“Going” Concerns

“When the going gets tough, the tough get going,” or so goes the old saying.  

It’s a saying with the requisite amount of bravado to stiffen one’s upper lip and shore up one’s resolve as we plough through yet another tough market cycle; a period in which, by all traditional measures, “alternative” investments should be a good place to seek shelter from the storm.

This time may be different, of course.  Real estate, one of the most popular (at least in terms of its presence in pension portfolios), served to set off most of the recent market tumult, and is still struggling to make its way back (though one should be careful about the level to which one expects it to return).  Private equity, writ large, feels a more precarious move at present, and hedge funds—well, many no longer live up to the name, despite their fee structures. 

There are, of course, a growing number of alternatives to stocks and bonds—the traditional standard against which an investment is deemed to be “alternative”—but to boldly go where no one else is going is generally anathema to pension plan fiduciaries. 

Of course, there will be (and perhaps already are)  institutional investors with a perspective and horizon long enough to wade into this storm surge, those whose skins are “tough” enough to make the kind of prudent investment in strategies and sectors that can (and often has) pay big dividends in the long run.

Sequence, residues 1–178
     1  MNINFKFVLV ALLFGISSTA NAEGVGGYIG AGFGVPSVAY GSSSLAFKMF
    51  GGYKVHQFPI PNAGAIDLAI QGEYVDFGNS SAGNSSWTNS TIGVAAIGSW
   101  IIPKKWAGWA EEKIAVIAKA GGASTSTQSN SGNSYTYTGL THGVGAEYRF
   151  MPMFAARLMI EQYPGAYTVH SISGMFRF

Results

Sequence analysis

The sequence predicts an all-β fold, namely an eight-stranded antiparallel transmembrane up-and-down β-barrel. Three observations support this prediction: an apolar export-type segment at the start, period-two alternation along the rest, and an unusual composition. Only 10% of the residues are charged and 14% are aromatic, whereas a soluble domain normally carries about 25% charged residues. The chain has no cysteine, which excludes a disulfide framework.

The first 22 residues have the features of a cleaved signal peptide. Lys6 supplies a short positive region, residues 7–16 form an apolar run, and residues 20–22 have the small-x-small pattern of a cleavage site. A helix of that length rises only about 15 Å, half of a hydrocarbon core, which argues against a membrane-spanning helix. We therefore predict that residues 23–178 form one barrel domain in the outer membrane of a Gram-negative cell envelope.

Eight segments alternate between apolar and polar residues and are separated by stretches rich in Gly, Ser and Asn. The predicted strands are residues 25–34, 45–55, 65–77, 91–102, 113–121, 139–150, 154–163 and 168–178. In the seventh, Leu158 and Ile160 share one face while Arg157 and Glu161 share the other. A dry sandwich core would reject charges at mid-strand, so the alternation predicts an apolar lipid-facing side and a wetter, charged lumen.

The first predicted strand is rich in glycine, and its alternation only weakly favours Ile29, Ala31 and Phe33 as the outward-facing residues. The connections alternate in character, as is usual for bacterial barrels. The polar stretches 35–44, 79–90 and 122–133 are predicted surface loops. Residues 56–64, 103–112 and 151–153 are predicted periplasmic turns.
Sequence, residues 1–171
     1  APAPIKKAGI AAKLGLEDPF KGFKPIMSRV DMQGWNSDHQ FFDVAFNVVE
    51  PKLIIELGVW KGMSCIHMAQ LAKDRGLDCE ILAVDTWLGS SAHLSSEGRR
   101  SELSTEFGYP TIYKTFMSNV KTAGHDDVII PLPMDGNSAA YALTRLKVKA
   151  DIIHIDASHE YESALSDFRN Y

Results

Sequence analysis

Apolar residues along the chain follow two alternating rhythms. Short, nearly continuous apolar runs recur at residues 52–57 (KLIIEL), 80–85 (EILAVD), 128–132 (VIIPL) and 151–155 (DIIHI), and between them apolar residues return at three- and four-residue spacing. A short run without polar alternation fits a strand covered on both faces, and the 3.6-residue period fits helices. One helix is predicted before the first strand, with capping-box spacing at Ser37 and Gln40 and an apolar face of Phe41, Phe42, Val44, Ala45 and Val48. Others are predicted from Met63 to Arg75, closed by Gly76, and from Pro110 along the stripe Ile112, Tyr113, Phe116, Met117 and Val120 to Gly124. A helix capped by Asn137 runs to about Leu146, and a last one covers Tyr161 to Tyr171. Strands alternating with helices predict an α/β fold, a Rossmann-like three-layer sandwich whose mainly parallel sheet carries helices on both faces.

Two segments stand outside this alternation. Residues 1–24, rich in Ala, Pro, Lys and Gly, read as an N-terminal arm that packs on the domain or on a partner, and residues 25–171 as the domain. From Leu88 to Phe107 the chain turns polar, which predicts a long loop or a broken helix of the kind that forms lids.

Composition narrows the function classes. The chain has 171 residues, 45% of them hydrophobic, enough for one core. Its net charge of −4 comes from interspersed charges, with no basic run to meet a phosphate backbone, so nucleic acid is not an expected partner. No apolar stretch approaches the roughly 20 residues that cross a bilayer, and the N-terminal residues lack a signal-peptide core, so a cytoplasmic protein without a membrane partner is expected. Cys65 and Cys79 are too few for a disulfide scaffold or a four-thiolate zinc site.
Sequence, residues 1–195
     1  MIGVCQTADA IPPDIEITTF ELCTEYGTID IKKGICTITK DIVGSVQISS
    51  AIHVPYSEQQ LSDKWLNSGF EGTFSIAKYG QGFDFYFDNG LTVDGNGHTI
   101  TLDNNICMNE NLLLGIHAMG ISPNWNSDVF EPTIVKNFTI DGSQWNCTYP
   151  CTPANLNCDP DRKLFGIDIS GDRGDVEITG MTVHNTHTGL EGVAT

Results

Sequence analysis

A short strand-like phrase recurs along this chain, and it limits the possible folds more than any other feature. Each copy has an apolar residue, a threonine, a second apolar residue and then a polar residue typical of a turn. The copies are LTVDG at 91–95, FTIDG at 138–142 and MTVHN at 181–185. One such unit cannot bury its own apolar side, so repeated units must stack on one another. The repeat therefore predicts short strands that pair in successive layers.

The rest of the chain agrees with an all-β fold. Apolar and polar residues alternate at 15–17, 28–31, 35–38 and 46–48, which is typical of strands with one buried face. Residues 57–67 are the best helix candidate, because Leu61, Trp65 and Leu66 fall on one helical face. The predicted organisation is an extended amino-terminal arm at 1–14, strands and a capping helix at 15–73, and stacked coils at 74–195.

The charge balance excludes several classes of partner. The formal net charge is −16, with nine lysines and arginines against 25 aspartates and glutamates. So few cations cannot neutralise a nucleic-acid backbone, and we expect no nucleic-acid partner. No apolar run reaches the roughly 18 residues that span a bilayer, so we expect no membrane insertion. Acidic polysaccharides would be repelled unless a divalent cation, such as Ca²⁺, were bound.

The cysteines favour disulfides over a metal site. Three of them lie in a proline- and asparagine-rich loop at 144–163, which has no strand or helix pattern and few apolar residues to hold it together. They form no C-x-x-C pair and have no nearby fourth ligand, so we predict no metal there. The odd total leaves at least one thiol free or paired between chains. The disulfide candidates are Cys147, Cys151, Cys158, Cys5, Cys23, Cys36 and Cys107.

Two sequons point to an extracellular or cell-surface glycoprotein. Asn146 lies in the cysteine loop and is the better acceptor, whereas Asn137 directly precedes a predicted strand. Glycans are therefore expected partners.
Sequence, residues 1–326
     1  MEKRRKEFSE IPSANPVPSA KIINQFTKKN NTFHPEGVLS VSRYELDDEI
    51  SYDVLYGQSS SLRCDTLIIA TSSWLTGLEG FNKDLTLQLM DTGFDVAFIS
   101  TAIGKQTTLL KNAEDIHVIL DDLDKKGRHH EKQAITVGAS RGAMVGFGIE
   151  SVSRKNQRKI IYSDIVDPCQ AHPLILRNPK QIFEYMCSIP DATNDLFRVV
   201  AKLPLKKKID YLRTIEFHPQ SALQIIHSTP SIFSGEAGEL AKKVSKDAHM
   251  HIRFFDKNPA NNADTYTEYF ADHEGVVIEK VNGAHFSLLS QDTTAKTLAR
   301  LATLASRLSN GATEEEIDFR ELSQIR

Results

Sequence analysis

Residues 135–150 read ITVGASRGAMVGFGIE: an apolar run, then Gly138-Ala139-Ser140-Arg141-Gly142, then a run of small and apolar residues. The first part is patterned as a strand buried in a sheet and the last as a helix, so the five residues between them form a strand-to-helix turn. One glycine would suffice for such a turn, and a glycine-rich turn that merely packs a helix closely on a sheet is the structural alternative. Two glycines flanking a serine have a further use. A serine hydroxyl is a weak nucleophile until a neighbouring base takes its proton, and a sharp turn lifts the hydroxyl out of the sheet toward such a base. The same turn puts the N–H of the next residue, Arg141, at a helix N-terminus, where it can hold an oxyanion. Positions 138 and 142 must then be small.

But caution seems to be the watchword of the day, and many—perhaps most—are not altogether certain that we have weathered the storm.  The world’s pension obligations loom large, the returns needed to sustain them less certain, the pockets from which new investments arise already “picked.”  In a growing number of places, those already dependent on such promises are rioting in the streets (some days it seems likely that those expected to fund those obligations may join them), but those protests will not fill those depleted coffers, nor will they likely have any good effect in ameliorating the current market unsteadiness.

The going’s still tough—but the tough will, as they are wont to do, keep going. 

The question, as yet unanswered, is where—and what—they will be going to.

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